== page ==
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Chairman Williams, Four Committee Republicans Write to CFPB Regarding Rule Negatively Impacting Small Firms

WASHINGTON, D.C. – Today, Congressman Roger Williams (R-TX), Chairman of the House Committee on Small Business, along with Reps. Pete Stauber (R-MN), Beth Van Duyne (R-TX), Jake Ellzey (R-TX), and Aaron Bean (R-FL) penned a letter to Director Rohit Chopra of the Consumer Financial Protection Bureau (CFPB) regarding its proposed rule prohibiting the charging on nonsufficient fund fees on instantaneously declined transactions.

This letter builds on the House Committee on Small Business’ work to ensure federal agencies adhere to the Regulatory Flexibility Act and Small Business Regulatory Enforcement Fairness Act to protect small businesses from burdensome regulations and rulemaking.


Read the full letter here.

Read excerpts from the letter below:

“The House Committee on Small Business writes to discuss the Consumer Financial Protection Bureau’s (CFPB) proposed rule prohibiting the charging on nonsufficient funds (NSF) fees on instantaneously declined transaction. This rule threatens to further complicate Unfair, Deceptive, or Abusive Act or Practice (UDAAP) law and adds to the myriad of burdens being placed on small financial institutions. The Committee is concerned that the CFPB may not have sufficiently considered the needs of small financial institutions when drafting this rule.

“CFPB is one of the three agencies currently required to convene a Small Business Advocacy Review (SBAR) panel prior to proposing rules that would have a significant economic impact on a substantial number of small entities. However, they certified that this proposed rule did not have a significant impact on a substantial number of small entities and did not convene this panel. The CFPB limited their analysis of the impacts this rule would have on small businesses by stating that only 2 percent of revenue to small financial institutions comes from NFS fees. Unfortunately, that appears to be an inaccurate assessment of the true cost of complying with this rule. The likelihood that this rule could indeed result in a substantial impact on the wellbeing of these small financial institutions should have at the very least triggered a SBAR panel. Yet, the CFPB failed to consider additional costs such as reporting requirements and manhours needed for compliance resulting in an inaccurate estimate.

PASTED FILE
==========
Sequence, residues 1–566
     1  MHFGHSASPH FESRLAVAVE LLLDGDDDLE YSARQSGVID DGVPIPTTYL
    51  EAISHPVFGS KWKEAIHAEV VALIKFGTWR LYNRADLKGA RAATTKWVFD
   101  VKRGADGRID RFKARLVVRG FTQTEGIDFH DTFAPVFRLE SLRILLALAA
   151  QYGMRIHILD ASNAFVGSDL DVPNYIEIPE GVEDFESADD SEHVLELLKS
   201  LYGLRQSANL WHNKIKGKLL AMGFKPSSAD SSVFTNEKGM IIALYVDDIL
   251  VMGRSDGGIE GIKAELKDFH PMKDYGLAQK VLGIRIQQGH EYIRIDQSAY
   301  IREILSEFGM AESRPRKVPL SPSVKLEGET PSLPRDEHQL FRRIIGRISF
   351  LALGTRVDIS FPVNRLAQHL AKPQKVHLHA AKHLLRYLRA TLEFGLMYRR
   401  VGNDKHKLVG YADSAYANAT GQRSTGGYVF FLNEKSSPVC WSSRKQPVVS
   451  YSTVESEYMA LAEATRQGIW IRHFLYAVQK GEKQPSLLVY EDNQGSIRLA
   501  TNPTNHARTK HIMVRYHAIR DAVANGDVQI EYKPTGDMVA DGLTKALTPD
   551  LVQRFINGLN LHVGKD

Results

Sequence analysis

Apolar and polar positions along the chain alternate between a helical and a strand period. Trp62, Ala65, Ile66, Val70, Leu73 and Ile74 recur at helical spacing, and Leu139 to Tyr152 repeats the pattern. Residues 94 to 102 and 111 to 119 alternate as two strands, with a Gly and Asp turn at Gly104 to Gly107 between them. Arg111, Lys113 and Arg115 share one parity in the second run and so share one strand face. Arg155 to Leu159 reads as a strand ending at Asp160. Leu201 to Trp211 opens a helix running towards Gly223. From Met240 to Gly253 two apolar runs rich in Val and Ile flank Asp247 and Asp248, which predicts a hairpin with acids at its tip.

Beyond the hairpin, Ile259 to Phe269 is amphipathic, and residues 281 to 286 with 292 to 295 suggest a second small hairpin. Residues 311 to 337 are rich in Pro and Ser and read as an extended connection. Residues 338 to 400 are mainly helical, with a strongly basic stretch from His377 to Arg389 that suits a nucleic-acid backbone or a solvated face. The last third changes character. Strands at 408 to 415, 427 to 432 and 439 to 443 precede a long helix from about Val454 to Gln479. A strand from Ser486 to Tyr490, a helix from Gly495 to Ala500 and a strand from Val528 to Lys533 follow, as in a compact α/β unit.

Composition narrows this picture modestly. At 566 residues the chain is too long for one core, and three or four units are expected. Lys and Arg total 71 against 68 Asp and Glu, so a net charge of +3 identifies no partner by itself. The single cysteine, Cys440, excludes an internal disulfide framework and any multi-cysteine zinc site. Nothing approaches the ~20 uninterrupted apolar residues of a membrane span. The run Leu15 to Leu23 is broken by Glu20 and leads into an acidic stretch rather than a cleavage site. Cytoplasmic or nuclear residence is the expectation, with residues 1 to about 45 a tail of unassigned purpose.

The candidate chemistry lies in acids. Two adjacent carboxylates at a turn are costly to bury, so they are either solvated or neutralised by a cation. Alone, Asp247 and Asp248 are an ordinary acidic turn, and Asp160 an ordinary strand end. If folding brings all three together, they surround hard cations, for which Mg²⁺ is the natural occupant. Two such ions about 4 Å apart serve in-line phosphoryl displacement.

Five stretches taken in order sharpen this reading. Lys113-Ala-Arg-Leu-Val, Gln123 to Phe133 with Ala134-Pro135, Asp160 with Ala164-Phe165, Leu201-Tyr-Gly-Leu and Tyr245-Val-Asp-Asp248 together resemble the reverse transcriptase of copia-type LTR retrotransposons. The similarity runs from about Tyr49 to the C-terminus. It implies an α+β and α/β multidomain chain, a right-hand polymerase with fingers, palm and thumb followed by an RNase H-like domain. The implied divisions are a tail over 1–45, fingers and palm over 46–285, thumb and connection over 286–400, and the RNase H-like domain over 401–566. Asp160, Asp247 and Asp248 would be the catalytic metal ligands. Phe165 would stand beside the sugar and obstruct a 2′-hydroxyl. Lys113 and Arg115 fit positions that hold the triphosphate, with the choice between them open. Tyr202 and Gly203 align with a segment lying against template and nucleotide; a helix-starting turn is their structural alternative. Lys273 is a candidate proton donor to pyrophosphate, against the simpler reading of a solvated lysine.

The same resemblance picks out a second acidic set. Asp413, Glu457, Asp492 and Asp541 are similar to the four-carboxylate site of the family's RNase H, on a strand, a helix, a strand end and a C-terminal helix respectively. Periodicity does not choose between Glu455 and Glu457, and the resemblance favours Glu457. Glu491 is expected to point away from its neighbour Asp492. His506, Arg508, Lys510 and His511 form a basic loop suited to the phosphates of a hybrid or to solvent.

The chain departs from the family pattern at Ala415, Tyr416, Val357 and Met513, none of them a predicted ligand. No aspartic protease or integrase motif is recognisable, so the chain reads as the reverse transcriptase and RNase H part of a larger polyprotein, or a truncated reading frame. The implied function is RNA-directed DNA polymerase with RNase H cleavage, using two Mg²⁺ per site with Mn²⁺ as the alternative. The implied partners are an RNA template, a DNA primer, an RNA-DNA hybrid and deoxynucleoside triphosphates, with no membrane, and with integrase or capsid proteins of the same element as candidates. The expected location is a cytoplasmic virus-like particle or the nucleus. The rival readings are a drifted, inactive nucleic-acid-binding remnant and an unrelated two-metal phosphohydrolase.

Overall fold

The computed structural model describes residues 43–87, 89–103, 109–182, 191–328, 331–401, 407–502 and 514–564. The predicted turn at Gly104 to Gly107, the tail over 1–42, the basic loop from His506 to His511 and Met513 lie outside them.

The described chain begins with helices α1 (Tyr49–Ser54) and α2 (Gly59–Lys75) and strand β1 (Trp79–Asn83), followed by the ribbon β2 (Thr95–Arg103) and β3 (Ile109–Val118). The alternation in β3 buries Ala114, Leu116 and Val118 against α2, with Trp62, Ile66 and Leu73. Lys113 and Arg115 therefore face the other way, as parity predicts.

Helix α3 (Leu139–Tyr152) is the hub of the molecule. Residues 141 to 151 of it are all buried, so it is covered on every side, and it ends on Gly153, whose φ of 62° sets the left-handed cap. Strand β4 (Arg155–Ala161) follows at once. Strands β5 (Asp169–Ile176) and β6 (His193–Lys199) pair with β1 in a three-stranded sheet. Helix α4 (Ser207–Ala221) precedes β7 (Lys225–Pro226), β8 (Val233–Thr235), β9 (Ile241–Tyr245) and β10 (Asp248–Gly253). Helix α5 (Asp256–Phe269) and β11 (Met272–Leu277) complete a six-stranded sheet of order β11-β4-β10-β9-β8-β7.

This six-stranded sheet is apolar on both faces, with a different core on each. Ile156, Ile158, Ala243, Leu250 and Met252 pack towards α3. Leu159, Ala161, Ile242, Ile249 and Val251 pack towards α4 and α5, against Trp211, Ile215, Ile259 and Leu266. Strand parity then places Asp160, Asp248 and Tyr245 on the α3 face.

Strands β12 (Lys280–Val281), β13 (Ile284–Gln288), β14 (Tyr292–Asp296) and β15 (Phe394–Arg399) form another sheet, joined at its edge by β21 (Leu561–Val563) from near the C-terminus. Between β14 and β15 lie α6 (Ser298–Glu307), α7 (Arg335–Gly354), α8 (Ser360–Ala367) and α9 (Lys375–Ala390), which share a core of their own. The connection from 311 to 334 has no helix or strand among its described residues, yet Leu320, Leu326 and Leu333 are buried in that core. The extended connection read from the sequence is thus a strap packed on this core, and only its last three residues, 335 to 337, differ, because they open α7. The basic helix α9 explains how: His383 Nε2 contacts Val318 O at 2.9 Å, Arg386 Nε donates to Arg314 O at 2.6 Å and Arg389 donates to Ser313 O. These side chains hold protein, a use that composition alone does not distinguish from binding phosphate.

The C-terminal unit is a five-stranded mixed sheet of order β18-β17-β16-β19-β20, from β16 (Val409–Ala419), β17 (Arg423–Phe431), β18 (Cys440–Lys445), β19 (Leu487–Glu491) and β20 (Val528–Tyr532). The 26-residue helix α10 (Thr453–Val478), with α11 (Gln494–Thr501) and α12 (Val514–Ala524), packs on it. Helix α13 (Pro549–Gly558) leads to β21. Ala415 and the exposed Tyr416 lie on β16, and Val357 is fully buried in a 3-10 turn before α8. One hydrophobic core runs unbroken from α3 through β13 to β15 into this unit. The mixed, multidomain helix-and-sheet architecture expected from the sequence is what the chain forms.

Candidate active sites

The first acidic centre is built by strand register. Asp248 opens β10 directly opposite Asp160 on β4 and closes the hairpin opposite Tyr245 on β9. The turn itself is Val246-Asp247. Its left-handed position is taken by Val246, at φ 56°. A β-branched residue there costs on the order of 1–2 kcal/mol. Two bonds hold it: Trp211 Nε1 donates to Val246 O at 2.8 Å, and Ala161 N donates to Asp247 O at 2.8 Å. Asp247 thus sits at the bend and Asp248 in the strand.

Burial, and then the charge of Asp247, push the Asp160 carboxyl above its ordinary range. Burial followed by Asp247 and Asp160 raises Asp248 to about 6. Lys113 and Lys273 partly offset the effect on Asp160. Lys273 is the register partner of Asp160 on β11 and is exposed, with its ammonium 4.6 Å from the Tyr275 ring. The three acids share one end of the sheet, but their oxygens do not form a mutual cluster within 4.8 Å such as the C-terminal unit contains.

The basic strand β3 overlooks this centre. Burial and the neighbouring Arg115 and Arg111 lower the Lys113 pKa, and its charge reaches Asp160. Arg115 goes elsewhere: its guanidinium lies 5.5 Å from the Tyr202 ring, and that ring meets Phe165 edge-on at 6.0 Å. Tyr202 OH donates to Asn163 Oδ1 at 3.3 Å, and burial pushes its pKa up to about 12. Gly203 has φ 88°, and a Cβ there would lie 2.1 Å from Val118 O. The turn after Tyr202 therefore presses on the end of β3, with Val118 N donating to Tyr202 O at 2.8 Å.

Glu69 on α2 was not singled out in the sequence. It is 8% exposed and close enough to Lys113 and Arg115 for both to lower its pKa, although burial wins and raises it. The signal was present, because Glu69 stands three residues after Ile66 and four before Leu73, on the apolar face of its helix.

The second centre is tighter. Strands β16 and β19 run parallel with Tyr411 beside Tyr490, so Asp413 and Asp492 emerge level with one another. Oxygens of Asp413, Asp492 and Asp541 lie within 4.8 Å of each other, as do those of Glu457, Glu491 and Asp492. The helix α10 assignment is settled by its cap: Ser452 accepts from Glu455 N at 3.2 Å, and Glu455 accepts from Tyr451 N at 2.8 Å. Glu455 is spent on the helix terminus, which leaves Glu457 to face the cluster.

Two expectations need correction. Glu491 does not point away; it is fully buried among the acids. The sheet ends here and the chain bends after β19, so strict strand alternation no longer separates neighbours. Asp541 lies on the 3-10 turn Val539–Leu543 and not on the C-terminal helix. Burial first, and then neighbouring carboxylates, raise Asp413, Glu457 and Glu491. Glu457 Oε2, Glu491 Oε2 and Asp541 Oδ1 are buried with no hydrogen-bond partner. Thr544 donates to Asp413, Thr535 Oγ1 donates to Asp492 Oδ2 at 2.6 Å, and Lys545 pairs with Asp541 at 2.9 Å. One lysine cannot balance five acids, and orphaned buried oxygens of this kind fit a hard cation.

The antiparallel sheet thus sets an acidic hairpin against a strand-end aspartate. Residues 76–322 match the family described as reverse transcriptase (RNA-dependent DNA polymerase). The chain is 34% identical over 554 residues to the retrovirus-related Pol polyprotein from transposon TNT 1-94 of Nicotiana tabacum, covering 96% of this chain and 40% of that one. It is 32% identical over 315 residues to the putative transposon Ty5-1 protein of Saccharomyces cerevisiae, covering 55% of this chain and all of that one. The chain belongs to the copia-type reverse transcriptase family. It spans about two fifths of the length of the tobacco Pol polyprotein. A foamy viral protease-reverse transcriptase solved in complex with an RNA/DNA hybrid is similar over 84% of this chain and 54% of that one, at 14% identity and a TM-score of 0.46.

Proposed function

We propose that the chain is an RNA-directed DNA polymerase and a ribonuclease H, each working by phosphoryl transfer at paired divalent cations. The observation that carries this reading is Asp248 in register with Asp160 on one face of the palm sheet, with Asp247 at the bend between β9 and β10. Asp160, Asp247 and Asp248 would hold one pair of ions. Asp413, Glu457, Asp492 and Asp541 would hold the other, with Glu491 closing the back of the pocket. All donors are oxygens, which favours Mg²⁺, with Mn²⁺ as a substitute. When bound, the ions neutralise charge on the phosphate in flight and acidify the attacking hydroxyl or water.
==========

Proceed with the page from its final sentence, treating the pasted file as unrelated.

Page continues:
“Additionally, this rule stipulates that NSF fees on instantaneously declined transactions are inherently ‘abusive’ under UDAAP law because they ‘take unreasonable advantage of consumers' lack understanding of the material risks, costs, or conditions associated with their deposit accounts.’ Despite claiming this practice is abusive due to how uninformed a customer may be, the rule explicitly states that disclosing this fee, either at account formation or during a transaction, would still not be sufficient because it would not stop the practice all together. This appears to be a leap in both logic and authority by the CFPB. To this Committees knowledge, the CFPB was not given the authority to prohibit NSF fees themselves, but rather to prohibit abusive practices. Here the CFPB claims that NSF fees are abusive due to a potential lack of knowledge by customers, but also finds that informing the customers is insufficient to mitigate the ‘abuse.’ This rationale is not logically consistent and appears that the CFPB is granting itself the authority to prohibit business practices at will.

“Notwithstanding the Committee’s concerns that this rulemaking is an improper exercise of authority, this action goes further than prohibiting an abusive practice but prohibits a practice which could be done in a non-abusive manner. Categorizing fees, even when they are disclosed in advance, as ‘abusive’ suggests that the CFPB’s understanding of what is unfair, deceptive, or abusive amounts to things which may not be ideal. Managing UDAAP compliance is already a substantial burden particularly on small businesses, America’s small financial institutions don’t need UDAAP further complicated and watered down based on the whims of the CFPB.”